OW: No, but terribly nice.  Just a nice big hunk of man.  If you're working hard that long -- if you have to be in makeup at five fifteen, and you get home at seven o'clock -- how much brightness do you want?  The guys just wanted to stagger home at seven o'clock -- how much brightness do you want?  The guys just wanted to stagger home -- and, if they could, get laid.  Otherwise, a happy smile and get ready for the next day's work.

HJ: So Lombard was also killed in a plane crash?

OW: Yes.  You know why her plane went down?

HJ: Why?

OW: It was full of big-time American physicists, shot down by the Nazis.  She was one of the only civilians on the plane.  The plane was filled with bullet holes.

HJ: It was shot down by who?

OW: Nazi agents in America.  It's a real thriller story.

HJ:  That's preposterous.  What was she doing on a plane full of physicists?  Do people know this?

OW: The people who know it, know it.  It was greatly hushed up.  The official story was that it ran into the mountain.

JH: The agent had antiaircraft guns?

OW: No. In those days, the planes couldn't get up that high.  They'd just clear the mountains. The bad guys knew the exact route that the plane had to take.  They were standing on a ridge, which was the toughest thing for the plane to get over.  One person can shoot a plane down, and if they had five or six people there, they couldn't miss.  Now, I cannot swear it's true.  I've been told this by people who swear it's true, who I happen to believe.  But that's the closet you can get, without having some security clearance.  No one wanted to admit that we had people in the middle of America who could shoot down a plane for the Nazix.  Because then everybody would start denoucning anybody with a German grandmother.  Which Roosevelt was very worried about.  The First World War had only happened some twenty-odd years before.  They were getting lynched.  And he was very anxious for nothing like that to be repeated.

Alright, you've got our attention.

And the book holds it.  It's transcripts from the two men's recorded conversations.  And others pop up in the conversations.  For example, actor Jack Lemmon (Some Like It Hot, The Great Race, The Apartment, Under The Yum Yum Tree, The China Syndrome, etc.) will be invited to join the discussion, actor Richard Burton (Who's Afraid of Virginia Woolf?) will be sent away.

4) Patricia Kennealy-Morrison's Rock Chick: A Girl And Her Music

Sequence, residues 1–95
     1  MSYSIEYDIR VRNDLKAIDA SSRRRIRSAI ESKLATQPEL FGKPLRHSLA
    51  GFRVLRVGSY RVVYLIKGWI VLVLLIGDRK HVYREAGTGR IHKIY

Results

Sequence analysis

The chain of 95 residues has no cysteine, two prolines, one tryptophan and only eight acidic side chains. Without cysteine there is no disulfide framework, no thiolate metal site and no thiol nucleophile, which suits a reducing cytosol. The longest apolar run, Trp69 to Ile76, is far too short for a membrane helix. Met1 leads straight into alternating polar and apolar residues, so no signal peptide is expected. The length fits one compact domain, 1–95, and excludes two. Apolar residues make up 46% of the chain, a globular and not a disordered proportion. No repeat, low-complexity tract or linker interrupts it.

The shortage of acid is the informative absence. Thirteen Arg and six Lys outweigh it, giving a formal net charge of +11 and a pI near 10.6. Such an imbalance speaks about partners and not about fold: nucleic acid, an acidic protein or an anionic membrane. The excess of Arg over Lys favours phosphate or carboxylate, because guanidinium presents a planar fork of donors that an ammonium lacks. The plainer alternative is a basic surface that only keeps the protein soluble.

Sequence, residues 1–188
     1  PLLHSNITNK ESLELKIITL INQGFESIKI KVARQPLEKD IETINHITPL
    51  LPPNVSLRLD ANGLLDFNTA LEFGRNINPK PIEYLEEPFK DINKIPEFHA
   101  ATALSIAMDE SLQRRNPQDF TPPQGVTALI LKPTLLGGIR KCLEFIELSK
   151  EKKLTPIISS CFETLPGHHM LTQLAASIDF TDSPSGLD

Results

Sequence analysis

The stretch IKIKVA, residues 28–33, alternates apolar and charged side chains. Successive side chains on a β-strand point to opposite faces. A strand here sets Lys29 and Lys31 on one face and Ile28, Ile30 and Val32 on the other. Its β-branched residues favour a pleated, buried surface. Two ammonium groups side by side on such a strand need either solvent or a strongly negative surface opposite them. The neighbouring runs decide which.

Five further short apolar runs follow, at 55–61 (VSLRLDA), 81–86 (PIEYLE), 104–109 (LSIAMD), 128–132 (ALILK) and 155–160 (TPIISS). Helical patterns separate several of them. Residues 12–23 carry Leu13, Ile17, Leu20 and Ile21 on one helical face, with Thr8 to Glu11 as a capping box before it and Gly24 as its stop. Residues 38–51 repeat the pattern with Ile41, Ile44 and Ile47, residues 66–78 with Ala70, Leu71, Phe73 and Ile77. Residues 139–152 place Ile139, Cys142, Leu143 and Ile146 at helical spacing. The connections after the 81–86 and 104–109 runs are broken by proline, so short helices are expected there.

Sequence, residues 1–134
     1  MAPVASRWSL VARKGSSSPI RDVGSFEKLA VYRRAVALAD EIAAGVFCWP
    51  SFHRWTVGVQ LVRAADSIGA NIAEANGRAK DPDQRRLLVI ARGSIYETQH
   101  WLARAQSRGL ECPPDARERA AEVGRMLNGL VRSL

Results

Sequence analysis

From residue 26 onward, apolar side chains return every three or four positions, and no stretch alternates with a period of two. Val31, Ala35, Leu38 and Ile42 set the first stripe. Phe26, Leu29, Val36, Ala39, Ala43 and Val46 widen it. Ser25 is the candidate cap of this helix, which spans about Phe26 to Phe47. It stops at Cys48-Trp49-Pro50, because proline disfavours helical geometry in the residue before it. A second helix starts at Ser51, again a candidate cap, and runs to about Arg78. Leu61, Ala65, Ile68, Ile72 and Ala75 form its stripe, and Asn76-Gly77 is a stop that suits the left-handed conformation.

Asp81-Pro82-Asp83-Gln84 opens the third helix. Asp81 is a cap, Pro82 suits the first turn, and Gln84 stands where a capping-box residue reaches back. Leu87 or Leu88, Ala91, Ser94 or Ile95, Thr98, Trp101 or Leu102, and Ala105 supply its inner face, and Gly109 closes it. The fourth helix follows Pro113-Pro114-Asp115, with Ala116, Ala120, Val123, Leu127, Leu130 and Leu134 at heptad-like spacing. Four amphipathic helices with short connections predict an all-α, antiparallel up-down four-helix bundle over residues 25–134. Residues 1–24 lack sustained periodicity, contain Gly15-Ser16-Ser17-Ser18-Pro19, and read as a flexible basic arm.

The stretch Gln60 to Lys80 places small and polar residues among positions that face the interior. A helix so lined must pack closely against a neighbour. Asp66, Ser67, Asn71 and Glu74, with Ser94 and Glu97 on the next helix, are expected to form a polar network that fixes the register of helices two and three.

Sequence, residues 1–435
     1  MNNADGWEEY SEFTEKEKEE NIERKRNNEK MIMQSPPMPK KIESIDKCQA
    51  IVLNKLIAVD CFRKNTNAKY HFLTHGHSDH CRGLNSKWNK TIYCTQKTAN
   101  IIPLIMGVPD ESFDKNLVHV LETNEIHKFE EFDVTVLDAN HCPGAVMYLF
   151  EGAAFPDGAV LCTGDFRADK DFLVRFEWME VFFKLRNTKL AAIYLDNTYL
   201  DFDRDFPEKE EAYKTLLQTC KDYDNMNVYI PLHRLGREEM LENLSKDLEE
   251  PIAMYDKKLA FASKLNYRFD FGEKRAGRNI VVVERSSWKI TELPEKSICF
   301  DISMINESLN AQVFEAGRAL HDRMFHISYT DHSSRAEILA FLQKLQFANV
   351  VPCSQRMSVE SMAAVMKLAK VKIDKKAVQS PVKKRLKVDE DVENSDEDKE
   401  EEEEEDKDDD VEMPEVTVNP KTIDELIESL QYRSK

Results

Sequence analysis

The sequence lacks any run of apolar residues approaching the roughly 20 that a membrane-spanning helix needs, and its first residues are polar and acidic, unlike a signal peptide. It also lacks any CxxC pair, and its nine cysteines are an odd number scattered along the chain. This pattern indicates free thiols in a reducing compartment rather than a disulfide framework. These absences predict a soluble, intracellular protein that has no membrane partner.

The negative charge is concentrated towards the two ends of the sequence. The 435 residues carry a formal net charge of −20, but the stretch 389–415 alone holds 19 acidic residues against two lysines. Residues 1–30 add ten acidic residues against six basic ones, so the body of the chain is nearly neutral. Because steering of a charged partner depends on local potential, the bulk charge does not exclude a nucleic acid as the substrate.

rock chick a girl and her music

Everyone's invited to legendary rock critic Patricia Kennealy-Morrison's music seminar.  The woman known today for The Keltiad fantasy series -- which we firmly believe should be turned into a film franchise -- didn't begin her career as a novelist.  It was the sixties when she started and music mattered.  Patricia Kennealy Morrison quickly became one of the major rock critics.  Reading this wonderful book, a collection of her past writing, you'll understand why.  And you'll marvel over how the history of rock was able to write Patricia -- along with many other women -- out of the story.  With this book, she reclaims her rightful credit. Third Estate Sunday Review's "Rock Chick: Book discussion" addressed this book.

5) Jay McInerney's Brightness Falls.

This 1993 epic novel caught the community's attention as a result of multiple posts by Mike -- here, here and here.  Does Oprah still have her book club?  Who knows?  Who needs her when we've got Mike.  Like many of you, we went out and picked up the book.  It's haunting.  One of the best novels of the second half of the 20th century.  The ending should leave you in tears.

6)   America's Great Game: The CIA's Secret Arabists and the Shaping of the Modern Middle East by Hugh Wilford.

This book benefited from a mention in an Iraq snapshot and from Goldie's review in Polly's Brew.  It came out late in the year, at the start of this month.  We've noticed that the later the book comes out, the lower it appears in the top ten.  It's not easy to release a book in December and get it on to our list because everyone's so busy that reading a thick volume -- and this is physically a big book -- is hard to do during the holiday season.  But this is an important book and it's appearance in the top ten is a testament to that.

7) Penny Marshall's My Mother Was Nuts.